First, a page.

Fracture treatment performance in Bakken shale reservoirs can be improved by altering rock wettability, as measured with contact angle (CA), from oil-wet to water-wet. The use of chemical additives for altering wettability also results in alteration of the interfacial tension (IFT). The Young-Laplace equation relates the capillary pressure to IFT and contact angle. Thus, it follows that capillarity is significant in nano-pores associated with unconventional liquid reservoirs (ULR) and complex as the CA and IFT varies simultaneously. We carefully evaluate these interactive variables to improve oil recovery by alteration of capillary pressure by understanding the wetting state of siliceous and carbonate Bakken cores with and without chemical additives. We have observed that wettability can be altered from the ULR natural state of oil-wet to systems favoring frac fluid imbibition. Surfactants can be added to completion fluids, in proper concentrations, to alter wettability while hydraulic fracturing the formation. This experimental study evaluates and compares the efficiency of anionic, nonionic and blended surfactants as well as complex nanofluids (CNF) on recovering liquid hydrocarbons from Bakken shale cores by analyzing the effect of wettability and IFT alteration and their impact on spontaneous imbibition.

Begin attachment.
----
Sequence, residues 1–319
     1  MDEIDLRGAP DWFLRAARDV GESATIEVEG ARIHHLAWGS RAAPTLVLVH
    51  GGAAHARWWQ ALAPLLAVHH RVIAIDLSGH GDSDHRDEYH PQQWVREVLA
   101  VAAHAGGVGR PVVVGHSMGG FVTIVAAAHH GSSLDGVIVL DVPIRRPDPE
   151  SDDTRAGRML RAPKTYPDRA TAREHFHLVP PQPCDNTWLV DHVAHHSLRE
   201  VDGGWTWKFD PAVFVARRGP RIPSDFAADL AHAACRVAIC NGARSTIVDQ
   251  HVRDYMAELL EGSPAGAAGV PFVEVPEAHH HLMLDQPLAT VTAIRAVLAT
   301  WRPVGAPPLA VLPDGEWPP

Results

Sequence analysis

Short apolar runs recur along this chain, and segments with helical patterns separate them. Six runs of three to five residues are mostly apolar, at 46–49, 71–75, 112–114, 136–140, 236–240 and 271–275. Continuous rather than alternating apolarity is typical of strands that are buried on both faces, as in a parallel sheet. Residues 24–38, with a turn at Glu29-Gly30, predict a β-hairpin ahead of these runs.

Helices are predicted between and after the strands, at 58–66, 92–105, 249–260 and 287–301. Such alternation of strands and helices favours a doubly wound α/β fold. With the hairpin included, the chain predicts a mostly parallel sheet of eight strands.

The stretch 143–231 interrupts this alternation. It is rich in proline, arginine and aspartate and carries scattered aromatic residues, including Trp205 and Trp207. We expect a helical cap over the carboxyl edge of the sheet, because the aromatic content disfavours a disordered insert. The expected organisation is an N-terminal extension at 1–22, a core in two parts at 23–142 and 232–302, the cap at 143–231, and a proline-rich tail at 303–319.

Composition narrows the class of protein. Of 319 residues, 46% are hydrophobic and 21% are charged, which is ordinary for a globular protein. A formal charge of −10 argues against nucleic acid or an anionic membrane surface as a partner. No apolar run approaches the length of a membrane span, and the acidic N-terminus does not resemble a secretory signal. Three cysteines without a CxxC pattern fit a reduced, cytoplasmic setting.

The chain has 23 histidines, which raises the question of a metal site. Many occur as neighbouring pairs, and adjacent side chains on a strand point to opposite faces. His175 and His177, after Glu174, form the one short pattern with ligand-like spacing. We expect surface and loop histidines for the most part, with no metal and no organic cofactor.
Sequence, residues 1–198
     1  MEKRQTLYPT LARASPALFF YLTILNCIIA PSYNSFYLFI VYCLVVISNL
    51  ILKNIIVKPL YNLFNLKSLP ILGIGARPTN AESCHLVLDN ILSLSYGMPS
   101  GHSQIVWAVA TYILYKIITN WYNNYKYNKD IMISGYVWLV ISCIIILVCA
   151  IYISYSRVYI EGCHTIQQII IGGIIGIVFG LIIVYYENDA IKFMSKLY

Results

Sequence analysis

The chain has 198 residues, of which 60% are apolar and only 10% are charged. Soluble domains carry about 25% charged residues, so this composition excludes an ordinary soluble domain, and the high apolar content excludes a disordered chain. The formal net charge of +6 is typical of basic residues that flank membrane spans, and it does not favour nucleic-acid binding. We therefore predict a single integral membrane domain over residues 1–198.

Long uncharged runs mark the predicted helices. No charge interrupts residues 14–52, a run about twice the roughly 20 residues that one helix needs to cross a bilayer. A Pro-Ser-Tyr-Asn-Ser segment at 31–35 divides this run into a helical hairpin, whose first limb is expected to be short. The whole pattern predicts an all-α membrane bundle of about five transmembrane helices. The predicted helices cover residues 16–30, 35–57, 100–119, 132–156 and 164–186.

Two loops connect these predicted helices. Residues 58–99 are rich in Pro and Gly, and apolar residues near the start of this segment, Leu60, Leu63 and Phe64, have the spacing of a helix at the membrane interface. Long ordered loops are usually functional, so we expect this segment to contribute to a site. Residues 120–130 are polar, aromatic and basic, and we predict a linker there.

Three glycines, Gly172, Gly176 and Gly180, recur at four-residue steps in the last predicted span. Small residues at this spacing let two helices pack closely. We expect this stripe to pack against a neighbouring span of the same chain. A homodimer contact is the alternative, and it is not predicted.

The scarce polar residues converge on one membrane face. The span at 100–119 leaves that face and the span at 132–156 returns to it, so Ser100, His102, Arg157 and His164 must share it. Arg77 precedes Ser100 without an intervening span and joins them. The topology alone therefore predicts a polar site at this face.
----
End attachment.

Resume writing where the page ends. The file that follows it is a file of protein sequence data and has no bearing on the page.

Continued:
The original wettability of Bakken cores is determined by CA measurements. Then, three surfactant types, anionic nonionic and nonionic-cationic, and CNF are evaluated to gauge their effectiveness in altering wettability. The results show that all surfactants and CNF are able to shift core wettability from oil-wet to water-wet. However, chemical additives efficacy strongly depends on rock lithology, surfactant, and CNF type. Moreover, to evaluate further wettability alteration, stability of surfactant and CNF solution films on the shale rock surface is determined by zeta potential measurements. Surfactants and CNF show higher zeta potential magnitudes than water without additives, as an indication of better stability and water-wetness, which agrees with CA results. In addition, the effect of IFT alteration is studied in solutions with surfactants and CNF, and Bakken crude oil. Higher IFT reduction is achieved by anionic surfactants, but all surfactants and CNF perform better than water alone.
Surfactants and CNF potential for improving oil recovery in ultralow permeability Bakken cores is investigated by spontaneous imbibition experiments using modified Amott cells in an environmental chamber. Using computed tomography (CT) scan methods, water imbibition as penetration magnitude is measured in real time. In addition, oil recovery is recorded with time to compare the performance of surfactants, CNF, and completion fluid alone. The results suggest that surfactants and CNF are better on recovering oil from shale core displacing more oil and having higher penetration magnitudes than water without additives. In addition, oil recovery depends on surfactant and CNF type and rock mineral composition. These findings are consistent with CA, zeta potential, and IFT measurements. From the results obtained, it can be concluded that altering wettability and reducing IFT when surfactants and CNF additives are added to completion fluids can improve oil recovery in Bakken cores.